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Waste hierarchy

Lots of us are familiar with the message to reduce, reuse, recycle. Councils and the government also talk about the waste hierarchy. Learn about what it is and how we look at it in Palmy.

Photo shows an upside down triangle with six tiers of waste management, getting progressively smaller, from reduction at the top, through to disposal at the smallest point of the triangle.

This hierarchy essentially sets our agenda for reducing waste, that landfill is the last resort. You as consumers can help with the first four steps, and then it’s our job to help make it easier to do the other two.

This hierarchy is a big reason for why we introduced e-waste recycling.

A zero waste world

Over the past decade, a new term has emerged in the waste world. It’s called zero waste and it means that we value all resources and waste nothing.

While this still encourages minimising waste, reducing consumption and encouraging recycling, there’s also a push on industry to make products that can be reused, repaired, recycled or composted.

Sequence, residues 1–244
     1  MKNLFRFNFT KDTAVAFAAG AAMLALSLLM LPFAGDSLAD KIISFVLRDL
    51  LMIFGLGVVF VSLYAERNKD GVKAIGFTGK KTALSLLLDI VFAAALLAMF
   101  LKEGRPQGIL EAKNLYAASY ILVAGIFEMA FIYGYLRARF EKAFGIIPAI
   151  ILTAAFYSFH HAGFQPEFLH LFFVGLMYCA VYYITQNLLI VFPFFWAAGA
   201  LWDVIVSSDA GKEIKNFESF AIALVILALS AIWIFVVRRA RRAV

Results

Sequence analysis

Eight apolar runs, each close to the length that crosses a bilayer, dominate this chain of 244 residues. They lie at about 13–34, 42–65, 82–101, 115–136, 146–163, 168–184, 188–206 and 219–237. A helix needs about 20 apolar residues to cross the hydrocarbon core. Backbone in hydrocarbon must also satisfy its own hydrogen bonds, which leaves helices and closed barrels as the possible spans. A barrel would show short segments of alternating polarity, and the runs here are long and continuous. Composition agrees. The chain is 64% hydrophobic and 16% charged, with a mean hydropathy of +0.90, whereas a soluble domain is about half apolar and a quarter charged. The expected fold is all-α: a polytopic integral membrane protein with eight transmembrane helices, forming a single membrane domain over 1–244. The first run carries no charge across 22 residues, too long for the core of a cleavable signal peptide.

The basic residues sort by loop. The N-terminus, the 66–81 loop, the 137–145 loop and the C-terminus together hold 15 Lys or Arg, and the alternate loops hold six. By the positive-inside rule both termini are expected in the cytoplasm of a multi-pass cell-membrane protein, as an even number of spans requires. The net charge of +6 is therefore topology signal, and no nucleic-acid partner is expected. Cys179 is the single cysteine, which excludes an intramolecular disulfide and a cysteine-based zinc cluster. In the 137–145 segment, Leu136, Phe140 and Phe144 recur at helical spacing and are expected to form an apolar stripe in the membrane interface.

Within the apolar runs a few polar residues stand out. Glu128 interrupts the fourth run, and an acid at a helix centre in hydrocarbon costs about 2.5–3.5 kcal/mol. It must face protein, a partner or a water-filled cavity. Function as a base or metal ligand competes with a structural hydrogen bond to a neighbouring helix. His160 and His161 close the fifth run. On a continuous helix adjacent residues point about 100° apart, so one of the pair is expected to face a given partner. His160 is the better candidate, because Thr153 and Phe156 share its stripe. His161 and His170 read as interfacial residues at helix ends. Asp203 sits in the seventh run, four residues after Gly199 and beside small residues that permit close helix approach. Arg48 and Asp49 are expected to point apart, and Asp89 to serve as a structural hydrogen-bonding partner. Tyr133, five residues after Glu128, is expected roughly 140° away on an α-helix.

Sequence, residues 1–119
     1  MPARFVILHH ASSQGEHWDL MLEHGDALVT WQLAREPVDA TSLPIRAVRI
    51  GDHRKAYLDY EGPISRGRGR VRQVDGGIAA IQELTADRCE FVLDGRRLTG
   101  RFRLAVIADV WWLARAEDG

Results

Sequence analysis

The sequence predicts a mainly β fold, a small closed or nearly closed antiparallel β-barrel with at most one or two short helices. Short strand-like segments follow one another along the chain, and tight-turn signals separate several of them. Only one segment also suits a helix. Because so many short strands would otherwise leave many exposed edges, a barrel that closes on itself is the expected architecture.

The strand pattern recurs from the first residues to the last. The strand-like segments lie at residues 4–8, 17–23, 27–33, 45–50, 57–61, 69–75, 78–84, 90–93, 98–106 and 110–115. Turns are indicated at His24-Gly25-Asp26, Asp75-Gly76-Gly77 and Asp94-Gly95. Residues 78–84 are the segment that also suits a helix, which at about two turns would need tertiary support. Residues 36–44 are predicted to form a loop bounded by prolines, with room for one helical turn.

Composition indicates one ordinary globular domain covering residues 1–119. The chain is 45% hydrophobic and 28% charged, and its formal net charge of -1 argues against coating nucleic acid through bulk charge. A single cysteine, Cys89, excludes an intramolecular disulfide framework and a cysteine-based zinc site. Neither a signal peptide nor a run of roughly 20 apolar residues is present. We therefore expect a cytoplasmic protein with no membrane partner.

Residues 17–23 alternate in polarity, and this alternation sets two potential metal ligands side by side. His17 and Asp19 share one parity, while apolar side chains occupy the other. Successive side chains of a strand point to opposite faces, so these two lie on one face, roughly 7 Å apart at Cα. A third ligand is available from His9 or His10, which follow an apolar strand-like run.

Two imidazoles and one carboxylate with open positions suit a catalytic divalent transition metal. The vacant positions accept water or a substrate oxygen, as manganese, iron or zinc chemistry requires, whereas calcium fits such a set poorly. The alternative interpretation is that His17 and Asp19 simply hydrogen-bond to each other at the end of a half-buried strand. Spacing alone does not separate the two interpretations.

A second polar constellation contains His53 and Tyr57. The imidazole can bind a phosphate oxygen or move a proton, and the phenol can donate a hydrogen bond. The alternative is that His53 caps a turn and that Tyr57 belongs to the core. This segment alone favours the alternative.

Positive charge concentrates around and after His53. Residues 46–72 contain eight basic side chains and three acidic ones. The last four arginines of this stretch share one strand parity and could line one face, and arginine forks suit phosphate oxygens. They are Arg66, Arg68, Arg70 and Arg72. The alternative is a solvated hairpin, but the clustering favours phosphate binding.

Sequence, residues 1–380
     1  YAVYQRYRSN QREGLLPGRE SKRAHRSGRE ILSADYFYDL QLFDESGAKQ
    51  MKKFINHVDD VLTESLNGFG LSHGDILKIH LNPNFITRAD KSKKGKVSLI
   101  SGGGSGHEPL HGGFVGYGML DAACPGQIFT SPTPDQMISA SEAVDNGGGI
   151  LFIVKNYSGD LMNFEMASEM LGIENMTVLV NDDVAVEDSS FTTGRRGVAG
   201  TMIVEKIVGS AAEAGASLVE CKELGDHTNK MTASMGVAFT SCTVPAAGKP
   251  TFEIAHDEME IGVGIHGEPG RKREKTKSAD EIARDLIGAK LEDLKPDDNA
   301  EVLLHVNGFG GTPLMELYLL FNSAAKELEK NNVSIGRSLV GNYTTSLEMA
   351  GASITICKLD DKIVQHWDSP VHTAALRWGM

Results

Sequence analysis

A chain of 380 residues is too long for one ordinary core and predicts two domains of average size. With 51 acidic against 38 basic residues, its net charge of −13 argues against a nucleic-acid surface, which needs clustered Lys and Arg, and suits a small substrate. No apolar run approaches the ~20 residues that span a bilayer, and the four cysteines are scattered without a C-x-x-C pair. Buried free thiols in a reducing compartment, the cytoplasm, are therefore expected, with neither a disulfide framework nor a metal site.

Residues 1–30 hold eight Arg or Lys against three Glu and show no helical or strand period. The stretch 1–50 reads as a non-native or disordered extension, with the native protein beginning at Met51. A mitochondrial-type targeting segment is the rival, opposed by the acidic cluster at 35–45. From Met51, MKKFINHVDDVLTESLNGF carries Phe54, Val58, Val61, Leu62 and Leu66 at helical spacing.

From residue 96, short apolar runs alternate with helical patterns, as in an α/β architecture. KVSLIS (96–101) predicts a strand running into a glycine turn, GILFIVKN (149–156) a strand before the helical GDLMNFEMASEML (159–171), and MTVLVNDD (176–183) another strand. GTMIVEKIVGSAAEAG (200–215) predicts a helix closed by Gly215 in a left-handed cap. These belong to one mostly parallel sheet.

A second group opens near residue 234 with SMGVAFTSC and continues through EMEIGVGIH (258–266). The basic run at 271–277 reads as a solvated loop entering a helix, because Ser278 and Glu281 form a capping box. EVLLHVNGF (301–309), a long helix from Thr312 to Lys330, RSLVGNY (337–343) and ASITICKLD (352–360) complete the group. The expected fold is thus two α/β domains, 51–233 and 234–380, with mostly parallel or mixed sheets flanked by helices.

The Zero Waste International Alliance definition of zero waste is:

“Zero waste is a goal that is ethical, economical, efficient and visionary, to guide people in changing their lifestyles and practices to emulate sustainable natural cycles, where all discarded materials are designed to become resources for others to use.

“Zero waste means designing and managing products and processes to systematically avoid and eliminate the volume and toxicity of waste and materials, conserve and recover all resources, and not burn or bury them.”

The New Zealand Zero Waste Network says implementing zero waste will eliminate all discharges to land, water or air that are a threat to planetary, human, animal or plant health.

To find out more, head to its website.